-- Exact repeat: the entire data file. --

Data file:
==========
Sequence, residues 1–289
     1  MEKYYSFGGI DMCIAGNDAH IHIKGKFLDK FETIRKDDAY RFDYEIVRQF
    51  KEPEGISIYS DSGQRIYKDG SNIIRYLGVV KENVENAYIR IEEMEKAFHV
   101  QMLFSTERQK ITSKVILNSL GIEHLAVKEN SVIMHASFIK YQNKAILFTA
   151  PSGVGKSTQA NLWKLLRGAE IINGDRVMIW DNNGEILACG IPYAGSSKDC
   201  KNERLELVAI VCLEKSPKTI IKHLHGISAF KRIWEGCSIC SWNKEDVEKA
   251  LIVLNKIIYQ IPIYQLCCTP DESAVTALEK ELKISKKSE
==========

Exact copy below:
Sequence, residues 1–289
     1  MEKYYSFGGI DMCIAGNDAH IHIKGKFLDK FETIRKDDAY RFDYEIVRQF
    51  KEPEGISIYS DSGQRIYKDG SNIIRYLGVV KENVENAYIR IEEMEKAFHV
   101  QMLFSTERQK ITSKVILNSL GIEHLAVKEN SVIMHASFIK YQNKAILFTA
   151  PSGVGKSTQA NLWKLLRGAE IINGDRVMIW DNNGEILACG IPYAGSSKDC
   201  KNERLELVAI VCLEKSPKTI IKHLHGISAF KRIWEGCSIC SWNKEDVEKA
   251  LIVLNKIIYQ IPIYQLCCTP DESAVTALEK ELKISKKSE